Fortune (American slave)



Fortune (c. 1743 – 1798) was an African-American slave who achieved posthumous notability over the transfer of his remains from a museum storage room to a state funeral.


Under the laws of the 18th century American colonial period, Fortune, his wife Dinah, and their four children (Africa, Jacob, Mira, and Roxa) were the property of Dr. Preserved Porter, a physician based in
Waterbury, Connecticut Waterbury is a city in the U.S. state of Connecticut on the Naugatuck River, southwest of Hartford and northeast of New York City. Waterbury is the second-largest city in New Haven County, Connecticut. According to the 2020 US Census, in ...
. Fortune owned the house he and his family lived in that was just outside of the town center on the Porter property.

Fortune's Remains

Fortune drowned in an accident in the
Naugatuck River The Naugatuck River is a U.S. Geological Survey. National Hydrography Dataset high-resolution flowline dataThe National Map, accessed April 1, 2011 river in the U.S. state of Connecticut. Its waters carve out the Naugatuck River Valley in the w ...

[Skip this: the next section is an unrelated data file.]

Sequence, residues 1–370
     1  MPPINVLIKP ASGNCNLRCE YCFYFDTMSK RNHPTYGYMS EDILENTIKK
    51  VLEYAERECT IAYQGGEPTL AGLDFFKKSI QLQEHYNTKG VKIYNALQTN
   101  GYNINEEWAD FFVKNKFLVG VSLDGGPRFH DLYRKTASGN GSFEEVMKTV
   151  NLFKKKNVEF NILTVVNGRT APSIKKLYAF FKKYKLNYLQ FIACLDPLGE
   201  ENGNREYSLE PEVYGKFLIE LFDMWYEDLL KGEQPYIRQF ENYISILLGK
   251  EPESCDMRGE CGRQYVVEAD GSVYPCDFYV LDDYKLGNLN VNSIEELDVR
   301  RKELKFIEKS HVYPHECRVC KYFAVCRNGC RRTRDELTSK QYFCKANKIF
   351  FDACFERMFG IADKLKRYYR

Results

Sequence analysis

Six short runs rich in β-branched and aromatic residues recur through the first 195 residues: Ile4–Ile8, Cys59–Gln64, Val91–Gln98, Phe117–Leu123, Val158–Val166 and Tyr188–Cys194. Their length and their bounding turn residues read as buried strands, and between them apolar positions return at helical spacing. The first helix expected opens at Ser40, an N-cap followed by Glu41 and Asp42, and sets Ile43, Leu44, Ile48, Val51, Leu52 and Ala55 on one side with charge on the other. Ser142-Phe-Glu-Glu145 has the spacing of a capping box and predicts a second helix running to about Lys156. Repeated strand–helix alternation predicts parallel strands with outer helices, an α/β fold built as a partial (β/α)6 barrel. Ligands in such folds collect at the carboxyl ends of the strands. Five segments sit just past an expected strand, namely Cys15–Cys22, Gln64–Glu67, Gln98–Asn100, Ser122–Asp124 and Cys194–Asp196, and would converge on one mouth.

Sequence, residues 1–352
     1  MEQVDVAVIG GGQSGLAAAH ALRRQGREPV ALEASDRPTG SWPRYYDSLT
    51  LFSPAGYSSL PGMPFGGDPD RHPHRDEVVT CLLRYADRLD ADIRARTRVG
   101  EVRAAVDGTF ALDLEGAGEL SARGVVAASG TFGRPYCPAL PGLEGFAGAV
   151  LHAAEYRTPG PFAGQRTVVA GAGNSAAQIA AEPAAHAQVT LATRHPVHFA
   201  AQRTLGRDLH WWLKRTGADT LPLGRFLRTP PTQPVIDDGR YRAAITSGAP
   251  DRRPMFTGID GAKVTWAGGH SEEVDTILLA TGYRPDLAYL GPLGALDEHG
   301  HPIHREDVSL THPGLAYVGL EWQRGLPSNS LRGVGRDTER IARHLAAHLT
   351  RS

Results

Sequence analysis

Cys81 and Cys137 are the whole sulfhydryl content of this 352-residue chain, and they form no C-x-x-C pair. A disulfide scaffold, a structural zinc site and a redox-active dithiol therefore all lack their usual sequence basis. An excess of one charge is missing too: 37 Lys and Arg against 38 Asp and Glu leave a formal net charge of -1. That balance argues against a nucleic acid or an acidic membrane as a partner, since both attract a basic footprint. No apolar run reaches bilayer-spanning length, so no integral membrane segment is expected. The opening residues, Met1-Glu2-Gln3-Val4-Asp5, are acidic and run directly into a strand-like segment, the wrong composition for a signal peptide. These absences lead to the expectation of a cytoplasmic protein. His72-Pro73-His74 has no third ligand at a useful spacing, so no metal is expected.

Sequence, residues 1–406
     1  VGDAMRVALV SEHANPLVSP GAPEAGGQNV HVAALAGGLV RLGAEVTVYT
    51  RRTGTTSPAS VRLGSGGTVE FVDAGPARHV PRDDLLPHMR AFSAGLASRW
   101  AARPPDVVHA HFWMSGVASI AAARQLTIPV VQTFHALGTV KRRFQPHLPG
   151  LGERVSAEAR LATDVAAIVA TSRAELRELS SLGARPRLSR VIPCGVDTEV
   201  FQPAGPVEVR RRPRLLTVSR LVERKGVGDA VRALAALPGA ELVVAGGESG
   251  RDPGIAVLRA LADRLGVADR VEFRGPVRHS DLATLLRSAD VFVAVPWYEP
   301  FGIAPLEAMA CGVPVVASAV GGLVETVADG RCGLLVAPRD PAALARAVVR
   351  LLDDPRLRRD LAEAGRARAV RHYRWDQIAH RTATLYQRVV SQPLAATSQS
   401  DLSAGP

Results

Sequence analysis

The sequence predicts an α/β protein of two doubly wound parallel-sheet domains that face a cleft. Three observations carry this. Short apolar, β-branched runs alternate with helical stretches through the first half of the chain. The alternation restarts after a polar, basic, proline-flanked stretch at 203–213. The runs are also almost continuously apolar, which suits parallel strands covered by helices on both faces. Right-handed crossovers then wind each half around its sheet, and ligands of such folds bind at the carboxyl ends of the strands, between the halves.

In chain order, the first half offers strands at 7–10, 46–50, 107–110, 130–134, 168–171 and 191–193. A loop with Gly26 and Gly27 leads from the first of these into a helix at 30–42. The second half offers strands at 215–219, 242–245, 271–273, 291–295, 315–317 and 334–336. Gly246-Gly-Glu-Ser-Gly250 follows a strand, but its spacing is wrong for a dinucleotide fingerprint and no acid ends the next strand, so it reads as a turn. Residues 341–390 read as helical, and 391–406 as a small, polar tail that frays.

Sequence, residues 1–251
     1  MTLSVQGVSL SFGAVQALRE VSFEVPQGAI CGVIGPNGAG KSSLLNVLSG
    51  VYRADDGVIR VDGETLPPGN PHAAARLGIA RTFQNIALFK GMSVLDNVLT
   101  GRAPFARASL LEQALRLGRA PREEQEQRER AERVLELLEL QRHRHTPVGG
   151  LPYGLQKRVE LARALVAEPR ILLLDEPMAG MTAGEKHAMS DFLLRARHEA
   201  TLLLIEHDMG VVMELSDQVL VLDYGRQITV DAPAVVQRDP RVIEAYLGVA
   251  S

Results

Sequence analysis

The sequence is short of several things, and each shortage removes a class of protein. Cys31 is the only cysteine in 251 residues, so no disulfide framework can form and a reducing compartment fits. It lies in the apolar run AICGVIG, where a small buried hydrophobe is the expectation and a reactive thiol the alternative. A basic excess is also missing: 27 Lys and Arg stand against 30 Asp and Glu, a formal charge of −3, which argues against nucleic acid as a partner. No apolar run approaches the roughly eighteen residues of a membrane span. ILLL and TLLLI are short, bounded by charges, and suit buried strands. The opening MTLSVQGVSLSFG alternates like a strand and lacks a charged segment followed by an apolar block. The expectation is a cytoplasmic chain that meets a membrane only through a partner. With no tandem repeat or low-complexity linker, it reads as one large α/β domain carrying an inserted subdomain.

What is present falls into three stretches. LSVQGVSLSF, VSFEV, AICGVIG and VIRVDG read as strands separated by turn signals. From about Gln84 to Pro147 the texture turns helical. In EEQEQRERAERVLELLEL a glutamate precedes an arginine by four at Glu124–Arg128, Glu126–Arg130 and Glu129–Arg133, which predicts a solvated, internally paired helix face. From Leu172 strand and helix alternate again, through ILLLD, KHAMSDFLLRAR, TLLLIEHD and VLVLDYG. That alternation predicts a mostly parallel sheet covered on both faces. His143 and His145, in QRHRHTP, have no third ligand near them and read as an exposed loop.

in 1798, and Dr. Porter dissected his body and preserved his skeleton for anatomic study. The doctor then opened a “School for Anatomy,” which used Fortune's bone as the source of study. The anatomically inscribed skeleton was found in 1910 in a boarded up closet of the Porter house. The Porter family held Fortune's remains before donating them to the Mattatuck Museum in Waterbury, where they were on display through the 1970s, after which point they were put in storage. In 1999, the museum received national attention when media coverage highlighted the discovery of Fortune's remains. Although the skeleton was initially dubbed "Larry," as that name was written on its skull, a later investigation by the African-American Historic Project Committee determined the skeleton belonged to Fortune.


The museum then created a special exhibit in honor of Fortune that detailed the lives of African-American slaves in the early part of the 19th century.